Simply 7 with Katarina Macurova: HENRY THE SNAIL

I may be slightly obsessed with snails at the moment because of a story I’m working on, but when I heard about today’s picture book, I had to know more.

photoKatarina Macurova isn’t a US based author-illustrator.  Instead, she was born in Bratislava in 1983.  She studied under Professor Dušan Kállay in the Department of Graphics and Illustration at the Academy of Fine Arts and Design in Bratislava. She came to the attention of the general public with her children’s books Proč nekveteš?/ Why Won’t You Flower?Lily a Momo/ Lily and MomoKde je ten pravý balon?/ Which is the Right Ball? and Jak naučit Edu lítat/ Teaching Eddie to Fly. She has an additional interest in 3D graphics. Her innovative work has already won her several prestigious awards, including the Communication Arts Award of Excellence in the USA.  You can follow her on Instagram.

Henry_CoverHer latest picture book, HENRY THE SNAIL, is a sweet story of a snail who discovers he doesn’t have slime.  He is sad he isn’t like the other snails who can climb and do amazing acrobatics on all sorts of vegetation, but he doesn’t let that stop him.  He’s determined to figure out his own strengths.  Once he does he goes on to teach others what he’s learned.  This story takes a different path at every turn than what I expected.  I fell quite in love with little Henry which may have had something to do with the wonderful illustrations as well.  The world at the micro-level in this story is stunningly detailed.  This isn’t a story you will want to miss.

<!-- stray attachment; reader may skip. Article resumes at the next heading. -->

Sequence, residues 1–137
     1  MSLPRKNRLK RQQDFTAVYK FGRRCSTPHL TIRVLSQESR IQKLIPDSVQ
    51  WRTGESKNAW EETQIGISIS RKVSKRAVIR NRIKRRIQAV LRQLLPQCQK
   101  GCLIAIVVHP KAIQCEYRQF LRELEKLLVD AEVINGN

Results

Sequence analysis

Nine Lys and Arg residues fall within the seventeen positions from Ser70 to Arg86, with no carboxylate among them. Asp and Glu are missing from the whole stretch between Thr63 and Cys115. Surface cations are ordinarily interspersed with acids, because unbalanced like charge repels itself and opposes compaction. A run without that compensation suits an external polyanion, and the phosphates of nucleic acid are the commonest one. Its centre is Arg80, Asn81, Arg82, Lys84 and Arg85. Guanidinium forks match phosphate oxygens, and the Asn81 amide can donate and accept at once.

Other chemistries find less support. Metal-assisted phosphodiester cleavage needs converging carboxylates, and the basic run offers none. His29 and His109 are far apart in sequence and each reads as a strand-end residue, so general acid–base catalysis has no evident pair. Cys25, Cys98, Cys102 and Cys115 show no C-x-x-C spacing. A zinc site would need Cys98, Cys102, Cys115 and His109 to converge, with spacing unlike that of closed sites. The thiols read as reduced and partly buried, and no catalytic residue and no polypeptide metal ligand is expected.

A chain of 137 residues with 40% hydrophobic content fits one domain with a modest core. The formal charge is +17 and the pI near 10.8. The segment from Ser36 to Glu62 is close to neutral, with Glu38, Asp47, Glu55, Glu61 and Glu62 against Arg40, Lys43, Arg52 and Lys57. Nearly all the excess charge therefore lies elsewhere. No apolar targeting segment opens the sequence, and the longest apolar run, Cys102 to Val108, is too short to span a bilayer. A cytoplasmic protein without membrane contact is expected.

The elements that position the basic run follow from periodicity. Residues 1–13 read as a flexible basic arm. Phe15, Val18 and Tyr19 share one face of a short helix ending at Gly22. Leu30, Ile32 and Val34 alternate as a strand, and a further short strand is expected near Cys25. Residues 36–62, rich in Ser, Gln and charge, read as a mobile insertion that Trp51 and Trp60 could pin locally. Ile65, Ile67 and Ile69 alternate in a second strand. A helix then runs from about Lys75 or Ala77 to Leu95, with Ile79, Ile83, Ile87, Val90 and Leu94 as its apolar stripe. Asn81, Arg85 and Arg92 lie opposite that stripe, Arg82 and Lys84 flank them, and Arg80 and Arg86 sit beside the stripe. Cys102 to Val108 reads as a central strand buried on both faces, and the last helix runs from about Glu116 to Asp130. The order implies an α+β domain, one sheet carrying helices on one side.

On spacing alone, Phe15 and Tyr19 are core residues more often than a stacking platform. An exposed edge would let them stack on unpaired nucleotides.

Welcome Katarina!

Me: Can you tell us a little bit about your artistic journey? When did you start creating art?  How did that bring you to writing and illustrating this book?

2Katarina: I studied printmaking and illustration at the Academy of Fine Arts and Design in Bratislava, Slovakia. After finishing my studies I continued with my Phd program doing research on comparison of Slovak and Mexican modern art and working mainly as a curator for a Bratislava based gallery: T-Gallery. So there weren’t many illustration projects I worked on at that time. I guess I didn’t feel like it was the career I wanted to pursue.  After I successfully finished the Phd studies, my husband got a job offer in Edinburgh, Scotland and so we moved there for a while.

That was where my passion for picture books started. I visited the children’s book library quite often and bookstores became like art galleries for me; I would just spend countless hours there, browsing children’s books. I fell in love with the format, the fact it was so restrictive in a way (the number of pages and the length of text) and yet they could communicate quite profound and difficult themes, with wit and brilliant sense of humor. I started to understand the importance of pacing, tone of voice, character design, creating the right atmosphere for the story, etc. So It was in Edinburgh where I first started to work on picture book projects and the story for UPSIDE DOWN–my first published picture book–was actually created there.